__________

    March 2015 Update:

    We did it! We are mortgage neutral (savings balance higher than outstanding mortgage) and are locked in to achieve the MFiT3 stretch goal of mortgage below 40k by the end of the year I'm going to keep this diary going, the aim is total financial independence now!
    __________

    January 2018 Update:

    Paid the mortgage off in full today (12/01/2018)
    Last edited by SuperSecretSquirrel; 12-01-2018 at 9:42 PM. Reason: We did it! :D

    Mtg [2013 £64k|2014 £51k|2015 £38k|2016 £26k|2017 14k] Zero! :)
    MN [2013-£25k|2014-£2k|2015+£16k|2016+£34k|2017+£52k] +£51,530.12 (MFiT4:+60k)
    NW [2013 £126k|2014 £156k|2015 £190k|2016 £228k|2017 £269k] £269,388.83 (2020:300k)
    FI [2013 -1.2%|2014 2.8%|2015 6.9%|2016 13%|2017 18%] 18.0%
Page 3
    • Barbeduk
    • By Barbeduk 27th Feb 13, 3:02 PM
    • 817 Posts
    • 7,150 Thanks
    Barbeduk
    Good luck, I'm very inspired by your thread and so pleased that you're also going to enjoy life by continuing to have holidays etc.

    Keep up the good work!
    June GC £288.01/£400
    • SuperSecretSquirrel
    • By SuperSecretSquirrel 6th Mar 13, 11:11 AM
    • 622 Posts
    • 2,758 Thanks
    SuperSecretSquirrel
    Hello tinkerbel, elantan, puregeordie, Barbeduk, and anyone else out there that might be reading this I've not been around for a few days so it was a nice surprise to see some new posts on my diary thread!

    tinkerbel, I think yours sounds like a great approach. I don't think anyone wants to look back in years to come and regret living life like a monk. If you keep spending on the stuff that matters to you, don't waste on rubbish that doesn't matter, and keep an eye out for good deals etc, you'll have that deposit saved in no time and still have fun

    elantan, I've not looked into matched betting again since I first mentioned it here. I did dabble a little a few years ago, but never made anywhere near that much money at the time. I keep talking myself out of it as I think I've used up the main easy starter ones now, and don't really want to get tied up in the complexity of milking the trickier ones. I'm sure I'll give it a proper go some day though. Out of interest, why did you stop - was it because you'd already got the first bet bonus from all the big names so there was nothing easy left to get?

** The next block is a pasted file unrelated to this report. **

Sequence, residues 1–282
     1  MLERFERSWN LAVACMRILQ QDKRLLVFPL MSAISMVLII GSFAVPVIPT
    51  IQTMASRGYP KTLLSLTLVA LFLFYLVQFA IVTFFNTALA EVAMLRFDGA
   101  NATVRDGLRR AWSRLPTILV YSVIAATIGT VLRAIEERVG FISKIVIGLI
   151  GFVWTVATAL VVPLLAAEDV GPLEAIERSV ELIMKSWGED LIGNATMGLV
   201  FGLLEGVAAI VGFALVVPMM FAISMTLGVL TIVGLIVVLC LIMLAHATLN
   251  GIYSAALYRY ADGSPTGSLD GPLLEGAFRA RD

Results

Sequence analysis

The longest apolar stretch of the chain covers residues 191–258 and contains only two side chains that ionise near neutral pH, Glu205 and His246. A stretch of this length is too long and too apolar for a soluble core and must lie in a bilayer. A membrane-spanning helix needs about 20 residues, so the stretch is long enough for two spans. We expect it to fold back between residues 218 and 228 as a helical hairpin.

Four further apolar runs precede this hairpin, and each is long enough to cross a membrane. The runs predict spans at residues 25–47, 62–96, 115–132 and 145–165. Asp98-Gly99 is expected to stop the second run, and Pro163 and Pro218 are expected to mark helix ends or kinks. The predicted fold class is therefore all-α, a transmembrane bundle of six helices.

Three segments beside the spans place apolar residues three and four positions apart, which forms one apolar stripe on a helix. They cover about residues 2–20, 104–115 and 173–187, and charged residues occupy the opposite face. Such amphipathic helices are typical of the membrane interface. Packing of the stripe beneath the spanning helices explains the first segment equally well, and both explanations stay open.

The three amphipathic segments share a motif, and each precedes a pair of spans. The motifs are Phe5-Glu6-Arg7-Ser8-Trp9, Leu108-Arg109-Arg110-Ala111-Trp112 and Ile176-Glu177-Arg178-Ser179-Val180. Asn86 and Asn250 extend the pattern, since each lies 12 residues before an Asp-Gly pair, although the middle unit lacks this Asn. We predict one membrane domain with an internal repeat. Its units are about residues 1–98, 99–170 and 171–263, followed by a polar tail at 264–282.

OH contributed an extra £50 OP at the weekend (current account leftover sweep after payday). Always a nice bonus to hear the words "I have a little extra left over that can go on the mortgage"

    First MFiT3 update is less than a week away. I've done some calculations and worked out at the end of the first quarter we'll be 37% of the way to our three year target! Sadly this is only due to the ISA raid in December, not something we'll be able to repeat again anytime soon, still, it's one hell of a good start!

    As for the unofficial mini target for this year (trying to get as close to maxing out the 10% allowed overpayment as possible), we still have a whacking great £6,503.82 overpayment allowance remaining at the moment. Will be interesting to see how close we can get. So long as we don't reduce the monthly direct debit, we'll manage £3,236.10 from the automatic monthly overpayments. That leaves an additional £3267.72 to find. An extra £326.77 a month for the next 10 months is quite a tall order, so we probably won't max out the OP's but it'll be interesting to see how close we get.

    Happy MFWing everyone!
    • elantan
    • By elantan 8th Mar 13, 11:57 AM
    • 19,536 Posts
    • 52,571 Thanks
    elantan
    the reason i stopped was like you i had done loads ( made a good few thousand ) but it was getting to the stage i was having to place bets of a few hundred just to make £30 or so and i had spent the couple of hundred so didnt have anything left to bet with.

    the bet would have to then have been played through a few times in order to finally extract the cash, so at the end of the day i was having to bet thousands of pounds and getting about £20 for my effort, it stopped being worth it for me at that point ( and i didnt have the money anymore anyway)

    if you havnt done it and you have the chance to make a good quick killing then i would recommend it, but depending on how much you did you could be at the stage i am at, i got as much as i was comfortable out of it and decided it was no longer of use, but i will always be grateful for it, my all expenses paif holiday to Thailand still holds wonderful memories for me, and it was all thanks to matched betting

    now if i had used it to pay off the mortgage, i would owe much less, but then i wouldn't have had that amazing experience so i have no regrets
    march 2011-july2019 8 years and 4 months ... or 100 months and counting
    "what would you do if you knew you couldn't fail.... enjoy the adventure" " to my own self be true"
    • brenda10
    • By brenda10 8th Mar 13, 2:34 PM
    • 317 Posts
    • 317 Thanks
    brenda10
    Supersecretsquirrel -YOU ARE BRILLIANT